Nāma-aparādhī–one who chants offensively.
Nāma-saṅkīrtana–the practice of chanting the holy name of Śrī Kṛṣṇa, especially congregational chanting.
Nāmī–the Supreme Lord, Śrī Bhagavān; the person addressed by the holy name.
Nāyaka–hero; especially refers to Śrī Kṛṣṇa.
Nāyikā–heroine; especially refers to Śrīmatī Rādhikā and the other gopīs.
Nikuñja–bower, grove; a solitary place for the meeting and enjoyment of Rādhā and Kṛṣṇa.
Nirviśeṣa–devoid of variety; featureless impersonal aspect of the Absolute.
Niśānta–the end of the night just prior to dawn.
Niṣkiñcana–free from all material possessions, entirely destitute; a renunciant.
Niṣṭhā–firm faith; established devotional practice that does not waver at any time. The fourth stage in the development of the creeper of devotion.
Niyama–one of the practices of aṣṭāṅga-yoga (see Aṣṭāṅga-yoga).
Pālya-dāsī–a maidservant of Śrīmatī Rādhikā. The word pālya means ‘to be nourished, cared for and protected’, and the word dāsī means ‘a maidservant’; thus, the pālya-dāsīs are maidservants under the affectionate care of Śrīmatī Rādhikā.
Parabrahma–the Supreme brahma, Śrī Bhagavān.
Parakīya-bhāva–paramour love; an amorous relationship outside of marriage.
Paramahaṃsa–a topmost, God-realised, ‘swan-like’ devotee of Śrī Bhagavān;the fourth and highest stage of sannyāsa.
Parama-tattva–the Supreme Absolute Truth, Śrī Bhagavān.
Paramātmā–the Supersoul situated in the hearts of all living entities as a witness and source of remembrance, knowledge and forgetfulness.
Paugaṇḍa–boyhood; from age six to ten.
Pītāmbara–the brilliant golden-yellow cloth that Śrī Kṛṣṇa wears.
Prabhu–master, lord or ruler.
Prakaṭa-līlā–Śrī Kṛṣṇa’s manifest pastimes.
Prāṇakānta–the beloved of one’s life.
Prāṇa-preṣṭha-sakhī–same as priya-narma-sakhī (see Sakhī).
Prāṇa-priyatama–one who is dearer than one’s own life.
Prāṇa-vallabha–the beloved of one’s life.
Prārabdha-karma–the results of previous activities which have already begun to bear fruit.
Prasāda–(literally means ‘mercy’) the remnants of food or articles offered to the deity, such as incense, flowers, garlands and clothing.
Prātaḥ–early morning, dawn.
Pravāsa–one of the four divisions of vipralambha, separation; the separation, due to their being in different places, of lovers who were previously intimately associated. Pravāsa has two divisions: going out of sight (pravāsa) and going to a distant place (sudūra-pravāsa).
Prema–(1) love for Śrī Kṛṣṇa which is extremely concentrated, which completely melts the heart and which gives rise to a deep sense of possessiveness (mamatā), in relation to Śrī Kṛṣṇa; (2) when bhāva becomes firmly rooted and unchecked by any obstacle it is known as prema.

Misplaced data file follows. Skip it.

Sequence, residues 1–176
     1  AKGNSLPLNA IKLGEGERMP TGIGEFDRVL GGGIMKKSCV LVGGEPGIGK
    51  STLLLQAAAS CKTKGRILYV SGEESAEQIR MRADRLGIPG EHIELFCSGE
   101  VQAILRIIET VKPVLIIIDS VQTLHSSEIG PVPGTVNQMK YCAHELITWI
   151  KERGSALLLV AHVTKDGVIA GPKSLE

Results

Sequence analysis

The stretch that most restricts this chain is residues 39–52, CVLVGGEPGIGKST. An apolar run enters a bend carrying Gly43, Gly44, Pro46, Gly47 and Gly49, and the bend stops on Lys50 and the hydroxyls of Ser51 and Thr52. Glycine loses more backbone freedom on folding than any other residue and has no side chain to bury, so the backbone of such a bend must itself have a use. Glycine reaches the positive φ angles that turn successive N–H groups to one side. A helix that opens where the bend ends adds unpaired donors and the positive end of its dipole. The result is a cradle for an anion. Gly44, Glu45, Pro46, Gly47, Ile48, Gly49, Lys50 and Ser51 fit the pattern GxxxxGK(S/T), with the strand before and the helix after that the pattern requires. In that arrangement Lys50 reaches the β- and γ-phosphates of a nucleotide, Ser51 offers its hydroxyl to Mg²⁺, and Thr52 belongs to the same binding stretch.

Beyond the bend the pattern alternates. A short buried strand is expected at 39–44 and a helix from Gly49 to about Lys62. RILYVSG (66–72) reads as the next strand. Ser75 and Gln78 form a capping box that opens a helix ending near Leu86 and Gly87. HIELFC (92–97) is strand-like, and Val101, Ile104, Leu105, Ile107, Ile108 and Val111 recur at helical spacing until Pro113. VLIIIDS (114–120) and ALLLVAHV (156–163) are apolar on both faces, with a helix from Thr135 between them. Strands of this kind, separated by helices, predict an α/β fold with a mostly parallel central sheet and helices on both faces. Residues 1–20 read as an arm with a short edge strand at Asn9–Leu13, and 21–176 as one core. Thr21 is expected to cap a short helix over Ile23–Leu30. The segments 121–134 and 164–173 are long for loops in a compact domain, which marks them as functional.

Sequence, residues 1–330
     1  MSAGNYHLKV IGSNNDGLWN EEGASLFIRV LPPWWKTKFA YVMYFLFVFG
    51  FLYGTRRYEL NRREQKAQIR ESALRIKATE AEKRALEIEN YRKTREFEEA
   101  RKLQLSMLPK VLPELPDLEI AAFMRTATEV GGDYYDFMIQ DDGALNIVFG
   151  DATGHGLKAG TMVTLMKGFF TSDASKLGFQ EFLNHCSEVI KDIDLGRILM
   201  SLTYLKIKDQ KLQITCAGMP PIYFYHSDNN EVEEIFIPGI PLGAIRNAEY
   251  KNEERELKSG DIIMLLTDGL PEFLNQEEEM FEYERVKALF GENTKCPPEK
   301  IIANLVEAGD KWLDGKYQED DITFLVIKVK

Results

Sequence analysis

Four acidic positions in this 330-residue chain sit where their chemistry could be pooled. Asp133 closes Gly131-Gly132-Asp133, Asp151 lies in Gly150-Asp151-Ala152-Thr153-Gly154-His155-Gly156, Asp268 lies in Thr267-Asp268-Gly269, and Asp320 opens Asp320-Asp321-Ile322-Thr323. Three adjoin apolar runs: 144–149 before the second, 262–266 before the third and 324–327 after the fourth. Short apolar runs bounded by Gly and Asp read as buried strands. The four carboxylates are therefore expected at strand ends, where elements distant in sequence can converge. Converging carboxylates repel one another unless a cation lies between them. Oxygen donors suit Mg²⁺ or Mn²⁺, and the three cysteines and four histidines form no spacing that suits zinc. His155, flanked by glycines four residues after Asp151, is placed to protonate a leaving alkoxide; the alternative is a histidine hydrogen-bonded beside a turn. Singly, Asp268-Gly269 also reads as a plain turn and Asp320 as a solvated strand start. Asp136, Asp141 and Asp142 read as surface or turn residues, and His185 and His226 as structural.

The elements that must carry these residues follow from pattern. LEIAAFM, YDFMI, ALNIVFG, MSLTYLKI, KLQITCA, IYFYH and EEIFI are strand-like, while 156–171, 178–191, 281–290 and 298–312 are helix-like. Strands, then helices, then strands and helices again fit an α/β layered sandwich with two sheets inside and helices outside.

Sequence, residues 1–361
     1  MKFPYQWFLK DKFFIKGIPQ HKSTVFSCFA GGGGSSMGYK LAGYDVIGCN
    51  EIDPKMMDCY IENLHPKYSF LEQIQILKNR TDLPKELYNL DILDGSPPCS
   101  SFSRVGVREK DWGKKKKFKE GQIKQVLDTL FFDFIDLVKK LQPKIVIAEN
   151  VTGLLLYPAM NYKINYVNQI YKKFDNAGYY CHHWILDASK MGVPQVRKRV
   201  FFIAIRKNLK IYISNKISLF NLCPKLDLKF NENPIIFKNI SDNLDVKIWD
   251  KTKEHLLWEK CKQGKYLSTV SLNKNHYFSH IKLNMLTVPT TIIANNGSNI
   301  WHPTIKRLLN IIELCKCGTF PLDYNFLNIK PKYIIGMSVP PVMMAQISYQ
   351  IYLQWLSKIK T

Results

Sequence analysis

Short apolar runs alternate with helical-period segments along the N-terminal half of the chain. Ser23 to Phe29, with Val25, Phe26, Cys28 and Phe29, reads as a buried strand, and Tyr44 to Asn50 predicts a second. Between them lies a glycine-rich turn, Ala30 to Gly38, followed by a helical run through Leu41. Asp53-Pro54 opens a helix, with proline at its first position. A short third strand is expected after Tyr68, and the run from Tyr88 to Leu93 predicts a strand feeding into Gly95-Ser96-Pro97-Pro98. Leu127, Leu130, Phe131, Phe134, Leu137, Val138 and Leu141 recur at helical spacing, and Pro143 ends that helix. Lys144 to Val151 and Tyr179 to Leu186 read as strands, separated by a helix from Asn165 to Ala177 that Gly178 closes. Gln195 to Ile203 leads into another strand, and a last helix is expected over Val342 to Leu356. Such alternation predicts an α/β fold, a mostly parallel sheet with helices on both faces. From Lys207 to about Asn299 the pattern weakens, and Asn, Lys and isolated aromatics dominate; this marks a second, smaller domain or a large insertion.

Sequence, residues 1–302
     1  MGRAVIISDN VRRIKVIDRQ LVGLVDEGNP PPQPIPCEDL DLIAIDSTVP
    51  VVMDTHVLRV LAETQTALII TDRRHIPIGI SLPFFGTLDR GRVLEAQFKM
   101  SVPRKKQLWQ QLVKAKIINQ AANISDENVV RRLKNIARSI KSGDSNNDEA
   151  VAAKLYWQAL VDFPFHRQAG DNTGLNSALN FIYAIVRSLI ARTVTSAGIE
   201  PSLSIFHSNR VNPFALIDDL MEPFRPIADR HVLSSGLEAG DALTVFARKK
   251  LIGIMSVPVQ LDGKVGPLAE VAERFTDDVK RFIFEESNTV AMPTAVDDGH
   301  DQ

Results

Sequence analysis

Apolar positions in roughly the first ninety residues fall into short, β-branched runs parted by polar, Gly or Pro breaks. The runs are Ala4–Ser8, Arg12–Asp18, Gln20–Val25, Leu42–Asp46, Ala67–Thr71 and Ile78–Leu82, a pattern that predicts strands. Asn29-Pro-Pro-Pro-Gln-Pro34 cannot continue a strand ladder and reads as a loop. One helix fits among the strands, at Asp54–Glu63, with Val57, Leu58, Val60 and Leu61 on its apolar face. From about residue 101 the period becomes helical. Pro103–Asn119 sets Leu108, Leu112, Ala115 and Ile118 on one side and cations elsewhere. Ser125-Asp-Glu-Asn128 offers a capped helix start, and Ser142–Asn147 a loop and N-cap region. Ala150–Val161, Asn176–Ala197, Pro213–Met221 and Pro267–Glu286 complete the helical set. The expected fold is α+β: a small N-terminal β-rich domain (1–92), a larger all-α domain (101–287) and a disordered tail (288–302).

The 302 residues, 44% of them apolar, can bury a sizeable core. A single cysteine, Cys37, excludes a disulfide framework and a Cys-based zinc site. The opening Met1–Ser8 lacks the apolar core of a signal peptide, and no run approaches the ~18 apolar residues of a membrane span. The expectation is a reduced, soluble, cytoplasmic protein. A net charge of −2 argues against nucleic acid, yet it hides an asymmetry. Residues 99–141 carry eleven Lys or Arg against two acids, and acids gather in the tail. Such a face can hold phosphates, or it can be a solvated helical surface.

Prema-bhakti–a stage of bhakti which is characterised by the appearance of prema (see Prema); the perfectional stage of devotion; the eighth and fully blossomed state of the creeper of devotion.
Premī-bhakta–a devotee on the stage of prema.
Priyatama–dear most beloved.
Pūjā–offering of worship.
Purāṇa–the eighteen historical supplements to the Vedas.
Pūrva-rāga–loving attraction for Śrī Kṛṣṇa prior to meeting.
Puṣpāñjali–an offering of flowers from cupped hands to the Supreme Lord or His exalted devotee.
Rāgānuga–bhakti that follows in the wake of Śrī Kṛṣṇa’s eternal associates in Vraja.
Rāgānuga-bhakta–a devotee on the path of spontaneous devotion.
Rāgātmikā–one in whose heart there naturally and eternally exists a deep spontaneous desire to love and serve Śrī Kṛṣṇa. This specifically refers to the eternal residents of Vraja.
Rājasūya–an elaborate fire sacrifice that establishes one as the emperor of the world.
Ramaṇī–a shy young girl who is expert in the various skills for awakening sweet emotions.
Rasa–(1) the spiritual transformation of the heart which takes place when the perfectional state of love for Śrī Kṛṣṇa, known as rati, is converted into ‘liquid’ emotions by combining with various types of transcendental ecstasies; (2) taste, flavour.
Rāsa-līlā–Śrī Kṛṣṇa’s dance pastimes with the vraja-gopīs, which is a pure exchange of spiritual love between Śrī Kṛṣṇa and the gopīs, His most confidential servitors.
Rasika–one who is expert at relishing rasa; a connoisseur of rasa.
Rasika-śekhara–a title of Śrī Kṛṣṇa meaning ‘the foremost enjoyer’ or ‘master of the mellows of love’.
Rati–(1) attachment, fondness for; (2) a stage in the development of bhakti which is synonymous with bhāva (see Bhāva).
Ṛṣi–a sage learned in the Vedas.
Ruci–taste; ruci develops after one has acquired steadiness in bhajana. At this stage, with the awakening of actual taste, one’s attraction to spiritual matters, such as hearing and chanting, exceeds one’s attraction to any type of material activity; this is the fifth stage in the development of the creeper of devotion.
Rūpānuga-bhakta–a devotee who follows Śrī Rūpa Gosvāmī on the path of spontaneous devotion.
Sādhaka–one who follows a spiritual discipline with the objective of achieving pure devotion for Śrī Kṛṣṇa, and more specif ically, achieving bhāva-bhakti.
Sādhu–a saintly person or devotee.
Sādhu-saṅga–association of highly advanced devotees; the first stage in the development of the creeper of devotion and the most important factor for advancement in bhakti.